The 1st Battalion, Somerset Light Infantry, were in France by 23rd August, part of one of the earlier waves of the British Expeditionary Force. Fred’s Medal Roll Card lists him as in France by 30 August; the SLI records give him as embarking on the 29th. The Battalion War Diary records that on that day ‘Lieutenant Montgomery and a further party of N.C.O.s and men rejoined the Battalion’: this must have been Fred’s draft. Or, possibly, it’s the draft who joined on 5th September: ‘First reinforcements arrived, 90 men under 2nd Lieutenant Read.’.
War was declared on 4th August. The Germans had marched into France via Belgium, sweeping round to come south and head for Paris. The Belgian Army were no match for them, and the French too had difficulty resisting. Ironically, they were fighting over the same Napoleonic battlegrounds of 100 years earlier. After holding the Germans at Mons, the BEF (whose numbers were tiny) found themselves retreating southwards in a series of desperate forced marches, turning to fight when they could, to keep up with the French and protect their flank. It must have been a major shock to the SLI to be thrown into this and forced straight into retreat.
This was the situation Fred found himself in on 30 August: still retreating by forced marches in desperately hot weather, staff and supply work very off the cuff. For example, on 5th September the War Diary records: ‘On the way a 2 hour breakfast halt was taken at La Ferriere and an excellent breakfast was provided for the officers by Baron Rothschild. Supplies issued tonight. Bread, chocolates, cigarettes and matches were purchased locally for the men.’
By 5th September Arthur Cook of the 1st Battalion records: ‘THE RETREAT IS ENDED, but not our marching, for now we must turn round and chase Jerry for a change.’ They re-crossed the Marne, but by the 11th ‘the Germans seem to have got clean away and our visions of getting round them have vanished’. By this time the debilitatingly hot weather had gone, and wet weather had set in. The Somersets had a series of forced marches, on short supplies & in wretched weather, back to the Aisne. Trenches were dug in the Bucy le Long area: a foretaste of things to come for the next 4 years.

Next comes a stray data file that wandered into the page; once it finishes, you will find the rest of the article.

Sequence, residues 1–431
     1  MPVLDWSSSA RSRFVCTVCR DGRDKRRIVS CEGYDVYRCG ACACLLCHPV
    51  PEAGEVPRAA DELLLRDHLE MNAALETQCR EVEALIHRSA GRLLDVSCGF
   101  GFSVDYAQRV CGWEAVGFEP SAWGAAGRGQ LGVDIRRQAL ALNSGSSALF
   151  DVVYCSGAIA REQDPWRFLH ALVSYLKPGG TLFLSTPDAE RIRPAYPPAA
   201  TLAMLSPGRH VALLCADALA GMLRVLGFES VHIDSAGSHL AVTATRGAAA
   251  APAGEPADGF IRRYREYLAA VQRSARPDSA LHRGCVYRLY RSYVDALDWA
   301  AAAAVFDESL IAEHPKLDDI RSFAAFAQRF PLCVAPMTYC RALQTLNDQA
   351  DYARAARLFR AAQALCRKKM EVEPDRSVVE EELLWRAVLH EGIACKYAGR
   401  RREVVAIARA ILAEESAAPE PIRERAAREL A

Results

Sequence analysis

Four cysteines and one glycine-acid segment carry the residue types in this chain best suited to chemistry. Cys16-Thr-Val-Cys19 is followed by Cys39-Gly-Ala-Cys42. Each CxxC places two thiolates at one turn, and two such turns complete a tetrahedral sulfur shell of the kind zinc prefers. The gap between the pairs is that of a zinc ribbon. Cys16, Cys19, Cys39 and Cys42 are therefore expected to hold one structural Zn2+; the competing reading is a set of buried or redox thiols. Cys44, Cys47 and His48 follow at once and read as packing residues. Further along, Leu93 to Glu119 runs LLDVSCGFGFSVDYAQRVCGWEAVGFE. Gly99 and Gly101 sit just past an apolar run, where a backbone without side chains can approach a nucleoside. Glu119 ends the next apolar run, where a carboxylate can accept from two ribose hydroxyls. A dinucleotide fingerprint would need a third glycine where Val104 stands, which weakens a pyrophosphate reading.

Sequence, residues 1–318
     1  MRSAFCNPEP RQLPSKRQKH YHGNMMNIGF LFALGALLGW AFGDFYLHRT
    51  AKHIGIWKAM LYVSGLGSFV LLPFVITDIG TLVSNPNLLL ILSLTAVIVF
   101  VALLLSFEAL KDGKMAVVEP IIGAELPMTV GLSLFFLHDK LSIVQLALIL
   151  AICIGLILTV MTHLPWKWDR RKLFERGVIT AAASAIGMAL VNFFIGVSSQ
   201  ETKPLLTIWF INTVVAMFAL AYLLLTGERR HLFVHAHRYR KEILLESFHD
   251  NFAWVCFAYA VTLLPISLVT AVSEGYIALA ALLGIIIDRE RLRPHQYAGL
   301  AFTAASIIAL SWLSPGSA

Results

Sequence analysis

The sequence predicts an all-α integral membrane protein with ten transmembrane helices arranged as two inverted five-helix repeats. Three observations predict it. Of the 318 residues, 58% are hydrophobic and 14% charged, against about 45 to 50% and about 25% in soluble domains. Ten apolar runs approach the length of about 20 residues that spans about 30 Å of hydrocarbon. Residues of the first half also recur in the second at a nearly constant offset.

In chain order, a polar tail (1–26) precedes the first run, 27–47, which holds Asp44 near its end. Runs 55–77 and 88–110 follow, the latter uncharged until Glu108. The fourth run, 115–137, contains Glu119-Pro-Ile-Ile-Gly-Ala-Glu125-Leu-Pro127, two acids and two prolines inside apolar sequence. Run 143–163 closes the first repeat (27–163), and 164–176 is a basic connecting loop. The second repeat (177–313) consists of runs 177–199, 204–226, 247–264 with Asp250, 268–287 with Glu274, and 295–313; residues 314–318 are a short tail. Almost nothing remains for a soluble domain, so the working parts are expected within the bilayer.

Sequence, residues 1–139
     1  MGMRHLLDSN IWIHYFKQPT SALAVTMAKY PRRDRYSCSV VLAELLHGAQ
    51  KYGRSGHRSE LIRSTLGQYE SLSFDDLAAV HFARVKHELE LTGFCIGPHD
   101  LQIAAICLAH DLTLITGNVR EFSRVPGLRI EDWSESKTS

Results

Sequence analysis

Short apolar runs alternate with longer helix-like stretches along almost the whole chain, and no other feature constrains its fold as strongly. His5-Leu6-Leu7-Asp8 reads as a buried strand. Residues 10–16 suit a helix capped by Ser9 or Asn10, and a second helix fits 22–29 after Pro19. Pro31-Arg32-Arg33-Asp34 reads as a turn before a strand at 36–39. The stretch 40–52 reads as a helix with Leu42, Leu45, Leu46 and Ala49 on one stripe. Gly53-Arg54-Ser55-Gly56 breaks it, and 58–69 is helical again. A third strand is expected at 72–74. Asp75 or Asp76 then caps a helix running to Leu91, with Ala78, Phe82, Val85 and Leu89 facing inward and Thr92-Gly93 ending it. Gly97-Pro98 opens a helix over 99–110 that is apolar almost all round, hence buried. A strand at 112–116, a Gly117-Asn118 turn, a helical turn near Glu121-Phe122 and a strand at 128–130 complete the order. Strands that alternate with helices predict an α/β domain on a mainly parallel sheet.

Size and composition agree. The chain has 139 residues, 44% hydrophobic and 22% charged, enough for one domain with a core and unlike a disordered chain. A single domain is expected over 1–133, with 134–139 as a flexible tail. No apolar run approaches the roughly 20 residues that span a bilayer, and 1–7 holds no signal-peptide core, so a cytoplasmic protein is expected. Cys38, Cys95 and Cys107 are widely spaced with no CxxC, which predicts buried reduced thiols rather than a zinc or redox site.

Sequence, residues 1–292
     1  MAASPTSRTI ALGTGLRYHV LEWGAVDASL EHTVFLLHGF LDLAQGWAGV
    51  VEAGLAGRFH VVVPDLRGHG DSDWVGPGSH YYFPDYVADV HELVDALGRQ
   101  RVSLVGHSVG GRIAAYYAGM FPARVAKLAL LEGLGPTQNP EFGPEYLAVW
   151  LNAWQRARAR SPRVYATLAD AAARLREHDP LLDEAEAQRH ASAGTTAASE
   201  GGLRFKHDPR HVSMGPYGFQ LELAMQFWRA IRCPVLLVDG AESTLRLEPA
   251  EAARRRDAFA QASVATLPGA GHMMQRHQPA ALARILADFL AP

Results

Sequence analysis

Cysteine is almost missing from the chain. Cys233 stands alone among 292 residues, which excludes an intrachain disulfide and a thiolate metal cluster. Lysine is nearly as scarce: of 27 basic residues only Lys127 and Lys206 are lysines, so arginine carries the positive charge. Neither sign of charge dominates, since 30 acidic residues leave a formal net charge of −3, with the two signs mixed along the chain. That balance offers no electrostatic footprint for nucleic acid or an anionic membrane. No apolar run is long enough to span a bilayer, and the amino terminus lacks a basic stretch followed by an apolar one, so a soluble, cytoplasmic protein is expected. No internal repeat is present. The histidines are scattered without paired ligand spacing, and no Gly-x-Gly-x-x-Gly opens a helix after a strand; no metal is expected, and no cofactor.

By a series of train journeys and marches and skirmishes the Battalion moved into Flanders, ending at Ploegsteert, which is essentially where they remained for the rest of the year. For them, the war was static at this point: attacks and shelling backwards and forwards, with the loss of many troops, but no real movement. The weather was terrible, and they were in marshy country. On 11th November, 2 days before Fred’s death, Arthur Cook writes: ‘Trenches are wet and full of water, nowhere to sit down, or lie down, only to stand up with water over your boots in inky blackness. Occasionally a shell smothers you with mud and earth. What an existence for human beings.’
Fred’s death is recorded as 13th November, but the War Diary records no-one as killed that day. I wonder if in fact he may have been killed 3 days earlier, on the 10th : ‘B Company lost heavily in right trench today, losing 4 killed and 6 wounded including Serjeant Willcox who was Mentioned in Dispatches. It was not however thought advisable to relieve them tonight as a German attack was expected.’ I think it was not possible to retrieve these bodies, for Serjeant Willcox too has no known grave, but is recorded on the Ploegsteert Memorial.
Fred Buttle’s Medal Roll Card
As a postscript to Fred’s death, here is the 1st Battalion Diarist’s record of 25 December 1914: ‘There was much singing in the trenches last night by both sides. Germans opposite us brought up their Regimental Band and played theirs and our National Anthems followed by ‘Home Sweet Home’. A truce was mutually arranged by the men in the trenches. During the morning officers met German officers half way between the trenches and it was arranged we should bring in our dead who were lying between the trenches [but not Fred Buttle or Serjeant Willcox] …. A very peaceful day.’
Medals such as these would have been awarded to Fred Buttle, plus Clasp for service under fire on the 1914 Star.
Our thanks to members of the Buttle family – especially Jean Carey, Angela Dicks and Trevor Whitlock – for their photographs and memories.
Copyright © 2014 Buckland St Mary.